THE Stratford Mop of 1914 appeared little changed from previous years. Wartime austerity had not yet set in and few people foresaw that the conflict would be lengthy. One of the great traditions of the fair was its roasts. No less than five oxen and seven pigs were rotating on the spits outside the pubs on the big day. The excursion trains brought their usual hundreds of revellers from Birmingham and other centres of population. None of Stratford’s conscripts had yet embarked overseas, although just five days before, a regular with the South Wales Borderers, Sgt RH Savage, had been the first Stratfordian to fall victim to the war. He had been struck by shrapnel at the Battle of the Aisne and died of his wounds in Bournbrook Military Hospital.
Four years ago Ellis Holtom, of Stratford-upon-Avon, was born with half a working heart. Later, the Herald featured his condition as a tribute to the work of Birmingham Children’s Hospital where he was treated. Now, to mark Congenital Heart Defect Week his mum, Vicki, updates his story. . .
ALL 326 local planning authorities in England, councils like Stratford-on-Avon District, need a local plan. The core strategy is a component of that local plan. It contains all the local district wide policies that need to be considered when processing planning applications. New development needs to satisfy local needs, helping to realise the hopes and ambitions of its communities and protect them from situations they fear. New homes and places to work should provide then with a healthy lifestyle, a pleasant place to live, good recreational facilities and above all the infrastructure that enhances their quality of life. The buzzword to describe this is ‘sustainable’.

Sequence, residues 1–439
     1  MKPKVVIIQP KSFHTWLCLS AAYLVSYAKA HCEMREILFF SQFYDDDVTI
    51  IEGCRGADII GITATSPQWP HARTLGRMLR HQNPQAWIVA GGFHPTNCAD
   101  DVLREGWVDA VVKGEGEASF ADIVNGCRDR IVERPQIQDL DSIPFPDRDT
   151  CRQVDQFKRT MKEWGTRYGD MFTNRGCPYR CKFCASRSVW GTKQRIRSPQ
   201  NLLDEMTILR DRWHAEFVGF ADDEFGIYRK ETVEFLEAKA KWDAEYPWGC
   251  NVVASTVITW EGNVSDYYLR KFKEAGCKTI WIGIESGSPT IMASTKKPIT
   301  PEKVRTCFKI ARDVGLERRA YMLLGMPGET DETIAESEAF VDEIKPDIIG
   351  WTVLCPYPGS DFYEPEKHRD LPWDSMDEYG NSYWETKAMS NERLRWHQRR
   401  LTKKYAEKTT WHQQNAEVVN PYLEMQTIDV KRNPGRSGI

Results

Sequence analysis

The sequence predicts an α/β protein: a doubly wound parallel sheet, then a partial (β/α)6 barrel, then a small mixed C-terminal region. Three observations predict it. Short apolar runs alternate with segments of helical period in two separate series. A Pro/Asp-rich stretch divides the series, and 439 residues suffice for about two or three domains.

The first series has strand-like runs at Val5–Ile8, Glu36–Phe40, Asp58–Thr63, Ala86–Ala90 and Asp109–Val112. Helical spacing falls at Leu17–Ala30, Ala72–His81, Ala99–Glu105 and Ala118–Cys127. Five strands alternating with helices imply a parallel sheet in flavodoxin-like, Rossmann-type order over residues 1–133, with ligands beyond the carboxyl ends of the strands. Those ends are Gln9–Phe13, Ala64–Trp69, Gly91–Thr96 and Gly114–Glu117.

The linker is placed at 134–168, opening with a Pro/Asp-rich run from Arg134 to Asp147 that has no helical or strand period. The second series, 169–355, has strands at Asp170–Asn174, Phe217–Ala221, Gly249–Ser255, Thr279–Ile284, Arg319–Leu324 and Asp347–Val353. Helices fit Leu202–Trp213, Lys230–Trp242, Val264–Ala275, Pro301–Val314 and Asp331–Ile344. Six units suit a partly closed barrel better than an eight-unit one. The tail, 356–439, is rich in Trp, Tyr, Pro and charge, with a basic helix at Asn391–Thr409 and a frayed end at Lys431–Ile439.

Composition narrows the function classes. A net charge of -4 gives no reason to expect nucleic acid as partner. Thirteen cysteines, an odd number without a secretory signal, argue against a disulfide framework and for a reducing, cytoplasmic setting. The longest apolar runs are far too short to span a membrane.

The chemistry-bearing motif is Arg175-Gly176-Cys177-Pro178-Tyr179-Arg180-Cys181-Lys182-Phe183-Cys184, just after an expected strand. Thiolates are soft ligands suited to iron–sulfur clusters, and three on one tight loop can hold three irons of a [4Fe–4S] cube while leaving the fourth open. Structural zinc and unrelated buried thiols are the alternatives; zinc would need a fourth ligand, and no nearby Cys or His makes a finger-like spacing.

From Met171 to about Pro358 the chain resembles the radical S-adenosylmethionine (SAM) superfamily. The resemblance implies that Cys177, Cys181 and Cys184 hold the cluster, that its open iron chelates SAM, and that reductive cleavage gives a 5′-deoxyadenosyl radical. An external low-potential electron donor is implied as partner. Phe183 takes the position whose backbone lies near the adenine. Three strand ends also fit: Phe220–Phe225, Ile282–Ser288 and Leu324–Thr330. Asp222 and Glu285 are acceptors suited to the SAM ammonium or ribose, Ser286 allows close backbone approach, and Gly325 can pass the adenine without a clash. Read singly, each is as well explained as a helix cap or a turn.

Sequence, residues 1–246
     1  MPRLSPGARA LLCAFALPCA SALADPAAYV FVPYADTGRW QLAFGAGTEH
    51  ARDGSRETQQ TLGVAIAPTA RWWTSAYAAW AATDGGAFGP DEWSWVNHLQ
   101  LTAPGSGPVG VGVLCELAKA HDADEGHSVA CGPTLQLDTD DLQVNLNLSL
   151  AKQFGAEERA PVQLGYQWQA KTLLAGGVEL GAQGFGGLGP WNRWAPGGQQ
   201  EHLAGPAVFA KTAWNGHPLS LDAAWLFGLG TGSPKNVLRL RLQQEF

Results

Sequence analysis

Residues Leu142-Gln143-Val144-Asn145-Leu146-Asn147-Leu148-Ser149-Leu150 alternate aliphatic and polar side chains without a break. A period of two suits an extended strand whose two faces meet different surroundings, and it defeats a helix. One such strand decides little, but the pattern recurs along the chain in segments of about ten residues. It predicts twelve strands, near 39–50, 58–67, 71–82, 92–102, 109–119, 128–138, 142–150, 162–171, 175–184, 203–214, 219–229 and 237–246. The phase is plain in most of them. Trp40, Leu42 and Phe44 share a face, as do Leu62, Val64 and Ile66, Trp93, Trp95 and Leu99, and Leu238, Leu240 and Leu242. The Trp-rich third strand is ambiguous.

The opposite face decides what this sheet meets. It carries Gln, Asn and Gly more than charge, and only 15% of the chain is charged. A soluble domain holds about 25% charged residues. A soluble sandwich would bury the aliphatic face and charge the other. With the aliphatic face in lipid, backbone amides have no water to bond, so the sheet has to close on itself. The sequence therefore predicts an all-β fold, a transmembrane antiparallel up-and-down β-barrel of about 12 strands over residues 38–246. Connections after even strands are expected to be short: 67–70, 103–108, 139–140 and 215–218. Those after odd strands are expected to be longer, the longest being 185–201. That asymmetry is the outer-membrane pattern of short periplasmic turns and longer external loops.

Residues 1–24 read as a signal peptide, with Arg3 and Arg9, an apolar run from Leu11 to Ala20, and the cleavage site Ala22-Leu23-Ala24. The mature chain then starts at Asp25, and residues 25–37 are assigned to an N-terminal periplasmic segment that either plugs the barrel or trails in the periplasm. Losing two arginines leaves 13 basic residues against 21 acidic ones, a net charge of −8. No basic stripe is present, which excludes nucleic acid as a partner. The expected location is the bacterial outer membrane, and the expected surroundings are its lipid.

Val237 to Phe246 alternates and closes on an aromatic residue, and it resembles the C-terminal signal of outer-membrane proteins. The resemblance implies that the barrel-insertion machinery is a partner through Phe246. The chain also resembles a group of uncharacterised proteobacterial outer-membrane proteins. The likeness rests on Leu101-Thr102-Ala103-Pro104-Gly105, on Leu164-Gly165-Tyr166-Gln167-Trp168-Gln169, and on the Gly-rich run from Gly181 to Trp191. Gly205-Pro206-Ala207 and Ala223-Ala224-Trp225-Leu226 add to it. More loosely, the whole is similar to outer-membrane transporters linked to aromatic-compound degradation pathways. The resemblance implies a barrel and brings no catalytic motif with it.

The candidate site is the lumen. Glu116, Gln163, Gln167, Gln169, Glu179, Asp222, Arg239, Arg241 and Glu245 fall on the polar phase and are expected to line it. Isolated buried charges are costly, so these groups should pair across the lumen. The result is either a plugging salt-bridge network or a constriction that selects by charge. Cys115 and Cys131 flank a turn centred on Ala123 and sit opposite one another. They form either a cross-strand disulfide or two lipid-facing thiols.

THE poor are paying more than they should be for their energy, according to damning new evidence from Stratford-upon-Avon’s Citizens Advice Bureau. Prepayment meters (PPMs) are costing users in fuel poverty a “disproportionate amount” for what little gas and electricity they can afford, the bureau has found. There are around 7.2 million people on prepayment meters in the UK and several thousand in the district of Stratford. Despite Stratford’s reputation as an affluent area, the bureau is being forced to come to the aid of more and more people living in fuel poverty on an increasingly regular basis.
THE principal of Warwickshire College, Mariane Cavalli, has suddenly taken temporary leave of absence and the college’s chair of governors, Sue Georgious, has replaced her on an interim basis.
News of the dramatic developments at the college – which has sites at Henley-in-Arden, Moreton Morrell, Warwick, Leamington, Rugby and Pershore – came in an email to staff today.
Last month the college announced that it would have to cut its budget by £3 million after losing government funding of £10.5 million and Ms Cavalli said job losses were “inevitable and unavoidable”.
After hearing of Ms Cavalli’s sudden “temporary leave of absence” Anne O’Sullivan, of the University and College Union, told the Herald this afternoon that she was seeking an urgent meeting with the college to find out what was going on. She expected a clearer picture to emerge over the weekend.
Ms Cavalli joined the college in 2010 after being principal of Croydon College since 2001. Two years before her appointment Warwickshire College was rated as outstanding by Ofsted.
Today a college spokesperson said: “The board of governors of Warwickshire College can confirm that the principal Mariane Cavalli has taken a temporary leave of absence from the college with immediate effect.
“The governing body has appointed Sue Georgious, the college’s former chair of governors, as interim principal to lead the college during this time.
“Sue knows the college well and is deeply committed to it having previously been chair of the governing body and a governor since September 2011. Steve Wood, previously vice chair, has been elected as the new chair.
“Sue has extensive experience in the FE sector in a variety of senior management roles including FE and open college networks and latterly as director at the Qualifications and Curriculum Development Agency.”
For fuller reports and reaction see next week’s papers.